Cleantech is on the rise. With growing urgency for the planet’s future comes growing recognition of the power of technology to address environmental challenges, and generate returns for investors; the International Energy Agency (IEA) estimates that in a net zero scenario, the global market for clean technologies could rise from US$122 billion to US$870 billion, surpassing the value of the oil market.
However, challenges remain to harness cleantech at speed and scale; the same IEA report suggests that investment in cleantech needs to be three times higher than 2021 levels for the rest of this decade in order to reach net zero by 2050.
What is the role of the start-up and scale-up ecosystems in driving the future of cleantech? And what is the role of financial institutions in accelerating progress? At the BNP Paribas Sustainable Future Forum (SFF) in London and Paris, experts and entrepreneurs shared their insights.
A fund for progress
Launched in 2017 with the aim of identifying solutions that are both clean and profitable, labelling them and supporting their implementation at scale, the 1000 Solutions challenge from the Solar Impulse Foundation has identified circa 1,450 solutions to date.
In 2021, the Foundation teamed up with BNP Paribas to launch the BNP Paribas Solar Impulse Venture fund, a €150 million investment fund dedicated to supporting innovative cleantech start-ups with positive environmental impact.
To decarbonise our economy, we need all the existing solutions to be better known and implemented everywhere.Bertrand Piccard, Chairman, Solar Impulse Foundation
Speaking at the SFF, Bertrand Piccard, Chairman of the Solar Impulse Foundation explained: “To decarbonise our economy, we need all the existing solutions to be better known and implemented everywhere. Creating a fund with BNP Paribas is a very concrete way to help promising small companies to grow, reach the market sooner and contribute to a more sustainable world.”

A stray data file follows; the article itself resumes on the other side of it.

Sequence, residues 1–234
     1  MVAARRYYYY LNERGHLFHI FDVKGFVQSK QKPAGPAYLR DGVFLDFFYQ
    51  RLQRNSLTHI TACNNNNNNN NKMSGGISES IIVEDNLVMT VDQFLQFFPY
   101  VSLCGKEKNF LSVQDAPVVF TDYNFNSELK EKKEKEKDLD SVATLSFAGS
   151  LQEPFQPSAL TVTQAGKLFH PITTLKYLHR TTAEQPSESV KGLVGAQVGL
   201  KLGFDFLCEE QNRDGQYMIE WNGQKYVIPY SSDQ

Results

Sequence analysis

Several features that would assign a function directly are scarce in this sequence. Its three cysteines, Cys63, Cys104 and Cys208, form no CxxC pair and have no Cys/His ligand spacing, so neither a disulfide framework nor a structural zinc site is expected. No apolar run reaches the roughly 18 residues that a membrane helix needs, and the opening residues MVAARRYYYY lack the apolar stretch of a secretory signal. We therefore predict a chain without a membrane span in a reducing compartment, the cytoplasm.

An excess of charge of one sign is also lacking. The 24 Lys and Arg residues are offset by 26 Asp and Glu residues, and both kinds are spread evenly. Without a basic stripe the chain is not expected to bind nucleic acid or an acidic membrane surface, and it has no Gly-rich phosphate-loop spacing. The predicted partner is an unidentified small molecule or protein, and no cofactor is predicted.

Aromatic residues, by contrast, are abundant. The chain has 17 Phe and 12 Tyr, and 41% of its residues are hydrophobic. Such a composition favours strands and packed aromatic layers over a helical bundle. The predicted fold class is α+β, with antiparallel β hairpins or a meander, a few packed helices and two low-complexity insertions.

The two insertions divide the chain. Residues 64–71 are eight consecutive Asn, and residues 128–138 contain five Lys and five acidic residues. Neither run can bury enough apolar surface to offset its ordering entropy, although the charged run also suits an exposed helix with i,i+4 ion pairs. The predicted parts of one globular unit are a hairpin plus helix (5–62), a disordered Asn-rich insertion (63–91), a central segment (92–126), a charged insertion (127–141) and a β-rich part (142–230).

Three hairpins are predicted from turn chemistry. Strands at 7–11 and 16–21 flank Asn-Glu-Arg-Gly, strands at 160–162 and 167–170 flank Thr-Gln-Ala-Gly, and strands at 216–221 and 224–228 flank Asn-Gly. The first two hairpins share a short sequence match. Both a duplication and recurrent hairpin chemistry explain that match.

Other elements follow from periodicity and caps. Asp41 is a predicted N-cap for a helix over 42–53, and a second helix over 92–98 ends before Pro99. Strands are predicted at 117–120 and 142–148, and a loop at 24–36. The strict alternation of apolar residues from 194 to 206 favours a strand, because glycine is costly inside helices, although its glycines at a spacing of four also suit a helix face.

The fund will invest in high potential growth start-ups and scales-ups (mainly series A to C) solutions that have been awarded the Solar Impulse Efficient Solutions label, following a stringent process involving a network of more than 350 experts, that reviews not only the environmental impact but also the technical feasibility and profitability potential of the solutions.
Two companies have already benefitted from the fund, with the injection of capital allowing them to expand their operations. Phenix is a Paris-based company that has developed tech solutions to help supermarkets, industrials, wholesalers and food producers reach food and non-food zero waste targets, while Nature Metrics is a UK-based company monitoring biodiversity – from bacteria to larger species – by analysing the tiny fragments of DNA that species leave behind in their environments.
As a fund that is investing in the ecological transition, BNP Paribas’ partnership with the Solar Impulse Foundation really made a lot of sense as it combines the expertise of two very complementary teams.Laura Wirsztel, Partner, BNP Paribas Solar Impulse Venture Fund
Laura Wirsztel, Partner in the BNP Paribas Solar Impulse Venture Fund commented: “There are so many innovations emerging, in fields from energy transition and mobility to circular economy, food, agriculture and biodiversity. The fund aims at investing in high potential growth start-ups, with the objective of accelerating their development and significantly changing their scale. As a fund that is investing in the ecological transition, the partnership with the Solar Impulse Foundation really made a lot of sense, as it combines the expertise of two very complementary teams. ”
Net zero 3.0
Across the channel, London-based growth platform Tech Nation aims to fuel the growth of scaling transformative tech companies and their founders with coaching, content and access to a collaborative network across the UK, a hotbed for start-up and scale-up activity. According to platform, in 2022, the country ranked second globally for start-up funding, with a tech ecosystem valued at just under US$1 trillion, predicted to reach US$2.6 trillion over the next ten years.